Tick Tips

1. Know where to expect ticks.

Ticks are born as small six legged larvae, less than 1mm in size. They feed on small rodents such as mice or birds. The larva will develop two more legs and mature into nymphs. These nymphs begin to search for larger animals to feed on, where they will mature into adults, feed and mate.

They are able to detect carbon dioxide from passing animals and lay in wait in tall grasses, bushes and overhanging branches. Unfortunately, humans, pets, farm animals as well as wildlife are prey to the waiting tick.

Ticks that carry the bacteria responsible for Lyme disease are found throughout Ireland, the UK, other parts of Europe and North America. It is important to be aware and protect yourself when in areas ticks may live.

2. Use insect repellent.

There is currently no vaccine available to prevent Lyme disease, so prevention is key.  Ticks don’t jump or fly, but climb on to your clothes or skin if you brush against something they’re on. They then bite into the skin and start to feed on your blood. Using a good quality insect repellent, such as TMB Outdoors is essential.

To purchase TMB Outdoors x 100ml for €12.50 click here.

3.Tuck your trouser legs into your socks.

This helps to deter ticks from crawling inside your trouser legs, or down into socks and shoes. Gaiters can be a worthwhile investment if you hike in risk areas often.

Light coloured clothing makes it much easier to see ticks caught on your clothing.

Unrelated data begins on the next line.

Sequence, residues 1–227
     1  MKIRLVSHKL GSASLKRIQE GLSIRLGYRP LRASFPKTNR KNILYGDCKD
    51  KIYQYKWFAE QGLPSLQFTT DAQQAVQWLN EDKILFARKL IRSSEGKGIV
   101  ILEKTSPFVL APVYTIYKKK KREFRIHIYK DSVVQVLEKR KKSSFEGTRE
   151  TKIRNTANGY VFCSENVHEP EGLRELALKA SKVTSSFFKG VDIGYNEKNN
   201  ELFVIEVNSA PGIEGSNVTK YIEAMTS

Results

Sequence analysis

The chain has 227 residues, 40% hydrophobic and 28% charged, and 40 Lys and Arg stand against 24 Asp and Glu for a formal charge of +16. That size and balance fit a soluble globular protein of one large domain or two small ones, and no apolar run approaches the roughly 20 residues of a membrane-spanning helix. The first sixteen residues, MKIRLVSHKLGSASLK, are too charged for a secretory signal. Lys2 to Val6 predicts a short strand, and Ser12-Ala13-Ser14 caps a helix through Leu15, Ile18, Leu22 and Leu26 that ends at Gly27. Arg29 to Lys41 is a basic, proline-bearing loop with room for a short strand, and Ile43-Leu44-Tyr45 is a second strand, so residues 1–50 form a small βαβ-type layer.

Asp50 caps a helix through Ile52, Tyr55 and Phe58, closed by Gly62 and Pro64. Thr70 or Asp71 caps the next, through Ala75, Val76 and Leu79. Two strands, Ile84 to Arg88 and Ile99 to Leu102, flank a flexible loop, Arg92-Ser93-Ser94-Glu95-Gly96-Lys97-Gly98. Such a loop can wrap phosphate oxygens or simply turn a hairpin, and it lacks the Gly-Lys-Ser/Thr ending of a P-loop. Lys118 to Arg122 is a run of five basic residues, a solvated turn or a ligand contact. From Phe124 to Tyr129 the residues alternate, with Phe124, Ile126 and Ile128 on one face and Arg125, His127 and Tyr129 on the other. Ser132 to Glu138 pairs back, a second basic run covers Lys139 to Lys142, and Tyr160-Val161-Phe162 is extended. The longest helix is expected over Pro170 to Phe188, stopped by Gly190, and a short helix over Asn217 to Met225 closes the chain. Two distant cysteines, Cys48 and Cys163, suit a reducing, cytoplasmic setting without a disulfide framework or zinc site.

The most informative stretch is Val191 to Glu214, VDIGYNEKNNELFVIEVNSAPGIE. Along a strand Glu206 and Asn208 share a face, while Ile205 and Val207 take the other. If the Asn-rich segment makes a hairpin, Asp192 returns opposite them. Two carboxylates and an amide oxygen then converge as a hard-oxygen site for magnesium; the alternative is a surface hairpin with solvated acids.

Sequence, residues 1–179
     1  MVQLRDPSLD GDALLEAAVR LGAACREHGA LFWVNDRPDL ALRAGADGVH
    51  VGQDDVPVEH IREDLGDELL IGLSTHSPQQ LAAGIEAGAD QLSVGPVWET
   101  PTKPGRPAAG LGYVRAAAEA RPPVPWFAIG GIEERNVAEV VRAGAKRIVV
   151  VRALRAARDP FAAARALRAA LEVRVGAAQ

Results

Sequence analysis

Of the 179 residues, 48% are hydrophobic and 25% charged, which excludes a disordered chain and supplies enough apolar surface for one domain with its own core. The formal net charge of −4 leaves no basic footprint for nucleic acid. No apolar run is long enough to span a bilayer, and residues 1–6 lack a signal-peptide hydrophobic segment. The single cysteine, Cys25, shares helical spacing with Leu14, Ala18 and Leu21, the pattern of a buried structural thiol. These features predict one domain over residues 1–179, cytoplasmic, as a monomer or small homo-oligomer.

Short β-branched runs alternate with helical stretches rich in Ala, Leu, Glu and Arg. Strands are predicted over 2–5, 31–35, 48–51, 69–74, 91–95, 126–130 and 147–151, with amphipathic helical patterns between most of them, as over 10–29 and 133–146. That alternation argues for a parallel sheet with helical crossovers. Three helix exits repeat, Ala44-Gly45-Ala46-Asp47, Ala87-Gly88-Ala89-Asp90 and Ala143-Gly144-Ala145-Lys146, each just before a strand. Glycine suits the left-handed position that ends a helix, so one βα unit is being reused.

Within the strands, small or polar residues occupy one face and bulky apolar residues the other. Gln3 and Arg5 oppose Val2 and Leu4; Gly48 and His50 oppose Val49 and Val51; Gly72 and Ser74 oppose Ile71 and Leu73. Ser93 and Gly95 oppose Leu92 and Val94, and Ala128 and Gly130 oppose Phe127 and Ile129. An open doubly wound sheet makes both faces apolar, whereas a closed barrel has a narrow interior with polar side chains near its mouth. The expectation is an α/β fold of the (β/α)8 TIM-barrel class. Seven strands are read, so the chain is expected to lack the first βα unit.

4. Take a walking stick with you.

Where possible keep to footpaths and avoid long grass when out hiking. Where you can’t, use a walking stick to tap the vegetation ahead of you, knocking off any waiting ticks.


5. Carry a tick remover.

Generally, you’re more likely to experience issues if the tick remains attached to your skin for more than 24 hours.  By having a tock remover with you any attached ticks can be removed immediately. How a tick is removed is important. Incorrect removal can result in injury to the tick or partial removal resulting in localised infection and regurgitating fluids into the host, potentially causing serious infection. The Tick Twister® is favoured by professionals (veterinary, medical and horticultural workers) for safe and effective tick removal.

The Tick Twister® cradles the body of the tick and doesn’t exert pressure to the mouth or body of the tick. The Tick Twister is suitable for removal of ticks from both humans and animals and can be disinfected with normal disinfectants.

 To purchase a Tick Twister® with Silicone Grip handle for €5.50 click here.

6. Check your body carefully for ticks after being outdoors.

Ticks prefer warm, moist, dark areas of the body, preferred areas include: belly button, around or in the ear, hairline and scalp, joints: back of knee, elbow, between fingers and toes and underarms, clothing pressure points: underwear elastic, belts, collar. It is still important to check your whole body.


Image c The Centers for Disease Control and Prevention

 7. Be a ”Tick Buddy”

It can often be difficult to check all over the body so help your hiking companions to check for ticks in places they can’t see: back of the head, neck and behind and in their ears.

8. Protect your pets.

 We sometimes forget our furry friends are also at risk. Make sure your horse, dog and cat get their regular flea and tick preventative.  And keep that first aid kit close by in case of bee and wasp stings! For more advice on hiking safety for your pets talk to your vet.

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